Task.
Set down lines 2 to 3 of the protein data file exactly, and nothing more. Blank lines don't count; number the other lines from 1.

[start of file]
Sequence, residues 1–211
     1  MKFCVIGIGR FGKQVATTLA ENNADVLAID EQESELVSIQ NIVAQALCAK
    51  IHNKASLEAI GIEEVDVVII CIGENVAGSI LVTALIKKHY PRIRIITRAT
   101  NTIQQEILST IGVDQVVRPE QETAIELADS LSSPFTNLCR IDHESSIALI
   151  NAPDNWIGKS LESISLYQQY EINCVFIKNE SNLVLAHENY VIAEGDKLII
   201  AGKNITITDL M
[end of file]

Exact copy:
     1  MKFCVIGIGR FGKQVATTLA ENNADVLAID EQESELVSIQ NIVAQALCAK
    51  IHNKASLEAI GIEEVDVVII CIGENVAGSI LVTALIKKHY PRIRIITRAT